The second project concerns the design and implementation of an asynchronous Viterbi decoder aimed at portable optical storage devices. The decoder will help recover read channel data despite interference. To enable it to deal with both current and future storage systems, a key feature will be the ability to program the decoder's characteristics for a particular application. This work is expected to be an active area of research throughout the period of the portfolio award.
Asynchronous System Design (The Balsa Synthesis System):
Balsa is an asynchronous circuit synthesis system developed over a number of years at the APT group. It is built around the Handshake Circuits methodology and can generate gate level net-lists from high-level descriptions in the Balsa language. Both dual-rail (QDI) and single-rail (bundled data) circuits can be generated.
The approach adopted by Balsa is that of syntax-directed compilation into communicating handshaking components and closely follows the Tangram system of Philips. The advantage of this approach is that the compilation is transparent: there is a one-to-one mapping between the language constructs in the specification and the intermediate handshake circuits that are produced. It is relatively easy for an experienced user to envisage the architecture of the circuit that results from the original description. Incremental changes made at the language level result in predictable changes at the circuit implementation level. This is important if optimisations and design-tradeoffs are to be made easily and contrasts with a VHDL description in which small changes in the specification may make radical alterations to the resulting circuit (indeed it is possible to describe systems in VHDL that are not synthesisable at all!).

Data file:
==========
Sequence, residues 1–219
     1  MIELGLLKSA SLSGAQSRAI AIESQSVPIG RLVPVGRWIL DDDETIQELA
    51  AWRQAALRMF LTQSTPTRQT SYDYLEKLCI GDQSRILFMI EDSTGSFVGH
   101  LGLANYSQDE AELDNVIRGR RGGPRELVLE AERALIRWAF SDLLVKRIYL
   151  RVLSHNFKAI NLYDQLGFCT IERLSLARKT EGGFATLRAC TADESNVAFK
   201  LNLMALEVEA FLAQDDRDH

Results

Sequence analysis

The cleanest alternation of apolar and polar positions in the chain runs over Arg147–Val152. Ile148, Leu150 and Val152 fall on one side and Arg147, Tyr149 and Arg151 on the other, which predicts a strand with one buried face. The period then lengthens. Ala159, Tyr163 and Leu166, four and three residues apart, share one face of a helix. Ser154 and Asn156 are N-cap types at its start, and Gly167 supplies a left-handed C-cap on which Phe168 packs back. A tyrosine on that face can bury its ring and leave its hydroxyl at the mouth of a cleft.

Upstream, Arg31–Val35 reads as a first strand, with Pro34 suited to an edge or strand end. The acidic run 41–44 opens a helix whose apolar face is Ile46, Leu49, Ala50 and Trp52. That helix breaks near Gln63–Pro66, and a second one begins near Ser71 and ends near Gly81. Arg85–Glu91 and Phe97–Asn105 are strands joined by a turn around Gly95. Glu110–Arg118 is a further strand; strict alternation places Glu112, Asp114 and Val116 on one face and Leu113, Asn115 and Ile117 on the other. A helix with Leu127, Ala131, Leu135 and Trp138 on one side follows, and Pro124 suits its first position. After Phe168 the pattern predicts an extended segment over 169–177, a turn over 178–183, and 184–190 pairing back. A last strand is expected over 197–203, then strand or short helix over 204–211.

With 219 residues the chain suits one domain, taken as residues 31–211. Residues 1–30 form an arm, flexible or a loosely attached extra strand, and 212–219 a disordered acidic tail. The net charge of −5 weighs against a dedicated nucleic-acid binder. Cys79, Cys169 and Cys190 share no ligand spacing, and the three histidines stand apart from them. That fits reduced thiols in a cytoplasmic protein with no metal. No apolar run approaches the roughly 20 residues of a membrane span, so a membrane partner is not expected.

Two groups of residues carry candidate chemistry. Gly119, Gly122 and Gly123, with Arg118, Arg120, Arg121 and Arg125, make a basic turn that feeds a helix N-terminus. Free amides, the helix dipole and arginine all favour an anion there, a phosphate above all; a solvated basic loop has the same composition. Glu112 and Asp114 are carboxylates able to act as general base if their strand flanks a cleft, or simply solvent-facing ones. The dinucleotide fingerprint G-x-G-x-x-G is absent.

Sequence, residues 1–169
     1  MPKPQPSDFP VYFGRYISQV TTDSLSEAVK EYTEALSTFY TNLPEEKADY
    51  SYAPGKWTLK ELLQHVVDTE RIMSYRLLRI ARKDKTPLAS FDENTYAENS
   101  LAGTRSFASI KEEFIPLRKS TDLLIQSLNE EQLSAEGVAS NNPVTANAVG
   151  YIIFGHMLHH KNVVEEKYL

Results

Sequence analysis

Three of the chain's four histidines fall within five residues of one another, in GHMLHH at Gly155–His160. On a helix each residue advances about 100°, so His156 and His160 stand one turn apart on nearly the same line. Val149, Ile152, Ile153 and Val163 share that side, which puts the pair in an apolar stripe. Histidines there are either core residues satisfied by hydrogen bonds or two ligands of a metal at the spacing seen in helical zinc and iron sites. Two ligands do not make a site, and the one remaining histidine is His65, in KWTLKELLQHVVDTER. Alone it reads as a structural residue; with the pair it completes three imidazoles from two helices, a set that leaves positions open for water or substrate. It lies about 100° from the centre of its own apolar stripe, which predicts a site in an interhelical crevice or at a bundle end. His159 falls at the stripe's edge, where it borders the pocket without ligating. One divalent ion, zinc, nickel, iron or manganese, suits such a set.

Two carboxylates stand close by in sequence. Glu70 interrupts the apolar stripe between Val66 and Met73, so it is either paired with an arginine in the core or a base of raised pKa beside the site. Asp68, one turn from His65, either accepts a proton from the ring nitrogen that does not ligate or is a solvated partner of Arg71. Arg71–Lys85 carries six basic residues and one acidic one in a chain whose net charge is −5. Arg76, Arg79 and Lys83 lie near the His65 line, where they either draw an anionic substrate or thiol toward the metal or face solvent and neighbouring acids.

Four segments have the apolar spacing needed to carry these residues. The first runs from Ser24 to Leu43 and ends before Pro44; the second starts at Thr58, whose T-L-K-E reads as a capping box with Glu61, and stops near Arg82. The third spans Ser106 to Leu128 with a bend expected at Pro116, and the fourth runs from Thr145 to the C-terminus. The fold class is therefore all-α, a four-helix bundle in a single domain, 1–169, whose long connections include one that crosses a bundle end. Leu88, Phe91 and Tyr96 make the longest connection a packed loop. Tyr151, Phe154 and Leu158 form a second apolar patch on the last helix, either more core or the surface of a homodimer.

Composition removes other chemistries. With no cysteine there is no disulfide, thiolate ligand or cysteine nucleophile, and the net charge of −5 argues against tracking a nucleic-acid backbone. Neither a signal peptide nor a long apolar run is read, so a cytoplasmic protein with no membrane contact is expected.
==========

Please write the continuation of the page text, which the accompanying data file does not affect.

The purpose of this research is to investigate new chip multi-processor architectures made possible by advances in hardware technology but to couple this with recent developments in language implementation technology, particularly dynamic compilation and program transformation guided by runtime information. Our belief is that modern high level parallel compilation techniques can produce significant advances when applied in a dynamic environment to the issues of chip multi-processor parallelism. In turn, dynamic compilation can benefit greatly from run-time feedback provided directly by the hardware. It is essential therefore that an integrated system approach is taken. Although many of the techniques which we propose to investigate are largely language independent, it is necessary to choose a practical environment in which to perform experiments. We propose to use Java mainly because there are existing dynamic compilation approaches which can be extended and adapted.
The group also has interests in hardware support for large-scale neural networks. The goal here is to develop a System-on-Chip that can be used to form a multi-chip system capable of simulating a billion spiking neurons in real time. The dynamical properties of large systems of spiking neurons are complex and not well-understood, and it is hoped that this work will yield an experimental environment in which these properties can be investigated at a larger scale than is possible with current software and hardware models. The results should be of interest both to computational cognitive scientists and to neuroscientists.